We are searching data for your request:
Upon completion, a link will appear to access the found materials.
We’ve all been in situations where we have to dig in and endure hardships and setbacks in order to continue doing what we love. We do it because humans are driven to create, to express, to do that one thing that we know in our hearts we were born to do. For many of us, creative expression is that thing. It certainly is for Joyce Washor, author of Think Big, Paint Small, a book dedicated to the art of miniature paintings.
Joyce didn’t start out working on tiny substrates, but a developing problem in her shoulder left her unable to lift her arm to paint as she had in the past. Of course, that didn’t stop her from making art. She simply began working with more manageable, even miniature, boards and canvases, and with positive results.
“Many of the painting principles that I learned throughout the years didn’t make sense to me until I started painting on a smaller scale,” Joyce says. “Working small gives me more time and energy to devote to each painting, from mixing the right colors to paying attention to the brushwork and composition … The small paintings have all the same attention to detail that my larger paintings had. I don’t need to choose different objects to paint, but how I paint them has changed. I need to be more decisive with color choices and concentrate on using brushstrokes to define space and forms concisely. This has made my paintings stronger.”
Curious to try painting small yourself? In the following excerpt, you’ll learn how to arrange a composition for a miniature painting. Discover the rest of Joyce’s tips and lessons when you get your copy of Think Big, Paint Small today.
Scaling Down Your Compositions for Miniature Paintings
One of the hardest things to get used to when painting small is scaling down your composition to fit within a sight size of 2.5×3.5. Obviously, whatever reference you’re painting from is probably not that small, and it can seem like an overwhelming challenge to scale things down. When I was first struggling with this concept, I came across a postcard from a two-person show I was in that featured an image of my 11×14 painting at about 3×4. Seeing this visual was a great help to me–it was a realization that I don’t have to sacrifice anything to paint on a small scale.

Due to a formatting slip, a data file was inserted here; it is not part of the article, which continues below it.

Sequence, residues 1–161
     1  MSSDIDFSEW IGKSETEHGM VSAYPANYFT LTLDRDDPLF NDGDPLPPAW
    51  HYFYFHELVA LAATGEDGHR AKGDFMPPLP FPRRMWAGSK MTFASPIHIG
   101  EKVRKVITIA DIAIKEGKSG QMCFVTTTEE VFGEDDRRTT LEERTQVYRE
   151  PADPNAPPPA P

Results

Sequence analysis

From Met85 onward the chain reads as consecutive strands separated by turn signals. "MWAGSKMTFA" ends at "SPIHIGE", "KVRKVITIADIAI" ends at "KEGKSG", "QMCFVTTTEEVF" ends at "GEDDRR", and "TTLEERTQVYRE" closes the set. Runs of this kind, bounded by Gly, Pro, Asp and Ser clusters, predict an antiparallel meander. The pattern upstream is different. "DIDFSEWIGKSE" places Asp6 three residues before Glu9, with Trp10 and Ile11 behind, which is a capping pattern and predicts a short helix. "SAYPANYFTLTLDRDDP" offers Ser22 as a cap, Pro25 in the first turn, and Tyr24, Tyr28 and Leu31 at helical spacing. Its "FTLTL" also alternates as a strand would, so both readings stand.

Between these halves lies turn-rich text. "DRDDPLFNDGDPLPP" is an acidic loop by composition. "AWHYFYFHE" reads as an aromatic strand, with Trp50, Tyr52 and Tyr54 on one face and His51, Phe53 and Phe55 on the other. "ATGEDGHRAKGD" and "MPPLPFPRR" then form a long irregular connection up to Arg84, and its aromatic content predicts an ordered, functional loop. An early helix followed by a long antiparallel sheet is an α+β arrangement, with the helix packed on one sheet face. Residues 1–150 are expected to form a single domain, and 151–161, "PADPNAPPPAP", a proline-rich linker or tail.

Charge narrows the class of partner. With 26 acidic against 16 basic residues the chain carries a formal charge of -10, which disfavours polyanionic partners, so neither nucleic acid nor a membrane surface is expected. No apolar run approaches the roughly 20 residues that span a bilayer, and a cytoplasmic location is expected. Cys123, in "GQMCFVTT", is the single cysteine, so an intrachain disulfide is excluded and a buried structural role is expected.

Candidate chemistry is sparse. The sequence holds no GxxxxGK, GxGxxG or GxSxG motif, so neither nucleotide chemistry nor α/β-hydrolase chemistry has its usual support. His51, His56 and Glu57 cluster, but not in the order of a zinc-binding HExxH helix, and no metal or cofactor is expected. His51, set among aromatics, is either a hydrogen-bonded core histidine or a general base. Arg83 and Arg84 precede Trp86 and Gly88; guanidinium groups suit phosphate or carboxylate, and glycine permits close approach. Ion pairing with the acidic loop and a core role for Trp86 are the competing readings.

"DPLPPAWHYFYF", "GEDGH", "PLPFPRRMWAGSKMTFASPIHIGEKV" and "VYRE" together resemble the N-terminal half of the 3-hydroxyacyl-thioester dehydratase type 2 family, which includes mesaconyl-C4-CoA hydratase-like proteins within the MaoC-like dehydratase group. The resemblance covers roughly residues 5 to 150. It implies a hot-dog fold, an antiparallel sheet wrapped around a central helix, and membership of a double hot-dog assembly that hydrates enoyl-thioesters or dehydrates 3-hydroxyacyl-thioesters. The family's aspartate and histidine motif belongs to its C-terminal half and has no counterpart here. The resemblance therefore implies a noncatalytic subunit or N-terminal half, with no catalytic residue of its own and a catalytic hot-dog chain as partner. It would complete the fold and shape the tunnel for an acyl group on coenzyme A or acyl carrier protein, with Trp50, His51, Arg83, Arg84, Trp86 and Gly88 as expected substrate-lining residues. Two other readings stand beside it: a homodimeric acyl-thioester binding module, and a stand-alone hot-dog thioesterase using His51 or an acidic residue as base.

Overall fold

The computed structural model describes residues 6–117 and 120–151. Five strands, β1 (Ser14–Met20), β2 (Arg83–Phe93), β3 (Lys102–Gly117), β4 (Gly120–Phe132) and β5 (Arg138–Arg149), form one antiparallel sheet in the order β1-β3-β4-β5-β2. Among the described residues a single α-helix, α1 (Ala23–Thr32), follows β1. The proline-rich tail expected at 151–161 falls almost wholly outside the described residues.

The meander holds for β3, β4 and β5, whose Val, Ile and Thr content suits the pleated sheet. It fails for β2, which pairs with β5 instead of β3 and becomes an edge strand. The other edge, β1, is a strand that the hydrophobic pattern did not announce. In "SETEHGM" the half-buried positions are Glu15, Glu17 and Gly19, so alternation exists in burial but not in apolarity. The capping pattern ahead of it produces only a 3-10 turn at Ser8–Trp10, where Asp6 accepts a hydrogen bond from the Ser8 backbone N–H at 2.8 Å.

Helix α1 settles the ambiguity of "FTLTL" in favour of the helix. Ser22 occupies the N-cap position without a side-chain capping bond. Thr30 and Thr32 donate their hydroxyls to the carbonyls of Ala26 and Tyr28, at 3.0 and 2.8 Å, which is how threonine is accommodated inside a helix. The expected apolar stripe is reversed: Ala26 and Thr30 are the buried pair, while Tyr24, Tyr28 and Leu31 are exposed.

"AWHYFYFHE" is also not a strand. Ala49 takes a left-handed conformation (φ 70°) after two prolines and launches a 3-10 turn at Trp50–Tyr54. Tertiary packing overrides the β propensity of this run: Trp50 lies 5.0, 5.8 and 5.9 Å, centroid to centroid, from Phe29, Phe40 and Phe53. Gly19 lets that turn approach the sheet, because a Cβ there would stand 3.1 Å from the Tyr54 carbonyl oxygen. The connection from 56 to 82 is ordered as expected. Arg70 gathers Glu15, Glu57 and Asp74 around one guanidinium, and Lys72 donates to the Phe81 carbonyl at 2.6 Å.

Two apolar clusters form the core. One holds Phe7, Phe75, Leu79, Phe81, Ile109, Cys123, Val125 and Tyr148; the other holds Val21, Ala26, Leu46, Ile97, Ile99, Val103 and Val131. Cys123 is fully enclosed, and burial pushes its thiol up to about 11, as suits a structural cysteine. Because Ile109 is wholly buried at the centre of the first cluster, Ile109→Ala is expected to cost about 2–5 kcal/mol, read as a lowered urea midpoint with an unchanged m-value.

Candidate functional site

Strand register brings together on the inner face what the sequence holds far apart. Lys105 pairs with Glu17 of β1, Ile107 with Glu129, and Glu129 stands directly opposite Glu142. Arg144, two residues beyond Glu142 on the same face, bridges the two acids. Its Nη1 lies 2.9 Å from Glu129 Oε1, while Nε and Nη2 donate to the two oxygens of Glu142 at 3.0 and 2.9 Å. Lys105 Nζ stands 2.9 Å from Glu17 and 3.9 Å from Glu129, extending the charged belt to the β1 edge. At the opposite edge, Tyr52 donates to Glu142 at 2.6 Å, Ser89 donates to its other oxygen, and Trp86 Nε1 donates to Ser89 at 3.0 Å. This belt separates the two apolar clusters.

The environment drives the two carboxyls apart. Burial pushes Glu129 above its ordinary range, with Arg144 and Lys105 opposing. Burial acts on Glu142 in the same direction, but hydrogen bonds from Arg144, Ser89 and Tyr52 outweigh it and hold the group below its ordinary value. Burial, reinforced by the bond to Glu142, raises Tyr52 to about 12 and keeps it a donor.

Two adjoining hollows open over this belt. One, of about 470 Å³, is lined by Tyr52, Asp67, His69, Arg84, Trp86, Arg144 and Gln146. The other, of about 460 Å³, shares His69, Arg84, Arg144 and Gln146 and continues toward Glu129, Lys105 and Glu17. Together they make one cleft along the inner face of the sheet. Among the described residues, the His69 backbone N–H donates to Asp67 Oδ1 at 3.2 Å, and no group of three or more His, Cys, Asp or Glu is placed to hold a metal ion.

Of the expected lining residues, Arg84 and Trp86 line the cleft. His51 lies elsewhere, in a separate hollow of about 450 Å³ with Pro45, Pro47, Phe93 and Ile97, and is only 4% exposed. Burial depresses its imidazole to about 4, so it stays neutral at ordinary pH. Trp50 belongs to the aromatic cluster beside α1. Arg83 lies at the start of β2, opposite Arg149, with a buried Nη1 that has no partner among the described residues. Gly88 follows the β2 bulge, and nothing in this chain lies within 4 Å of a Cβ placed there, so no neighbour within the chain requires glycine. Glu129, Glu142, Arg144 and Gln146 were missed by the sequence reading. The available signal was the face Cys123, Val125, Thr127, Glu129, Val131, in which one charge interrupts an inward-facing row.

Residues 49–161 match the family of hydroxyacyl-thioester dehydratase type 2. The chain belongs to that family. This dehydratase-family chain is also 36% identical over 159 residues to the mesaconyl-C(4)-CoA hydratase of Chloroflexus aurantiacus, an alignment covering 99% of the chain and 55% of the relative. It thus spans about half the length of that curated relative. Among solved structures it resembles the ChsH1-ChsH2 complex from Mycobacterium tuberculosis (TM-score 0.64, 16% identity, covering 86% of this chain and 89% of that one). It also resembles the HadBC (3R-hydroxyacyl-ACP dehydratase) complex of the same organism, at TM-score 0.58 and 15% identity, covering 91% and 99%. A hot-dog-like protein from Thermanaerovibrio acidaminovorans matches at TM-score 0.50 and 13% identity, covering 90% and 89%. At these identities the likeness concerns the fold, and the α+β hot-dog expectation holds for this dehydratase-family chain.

While setting up your still life or contemplating a landscape, you can use your hands or two L-shaped pieces of cardboard (fits together to form a frame) to block in a composition at the size you want it. This way, you can see exactly how much you can comfortably fit within your format at the very beginning of the process.
If your resulting drawing is still too large for this smaller format, you can use a photocopy machine or computer to scale it down. If you usually paint at 16×20, try going from an 8×10 to a 5×7 and on down until you reach the small format that you’d like to paint.
After I spent a couple of months painting at the 2.5×2.5 format, it began to feel the same as an 11×14 or a 16×20. It’s a little hard to explain, but the paintings feel so large and complete to me it’s as if I can walk around in them.
Shrinking Your References for Miniature Paintings
One of the best things you can do to render what you see as life-sized into a small format is to draw the composition as a single unit, not as individual items.
- Draw the Basic Outline
Start by blocking in the outermost edges of the objects—but as just one shape, not individual shapes.
- Fill in the Outline
Draw the edges of the shape made by the objects, and add the table top.
- Finish the Sketch
Now you can look at each object individually and add in each distinct shape.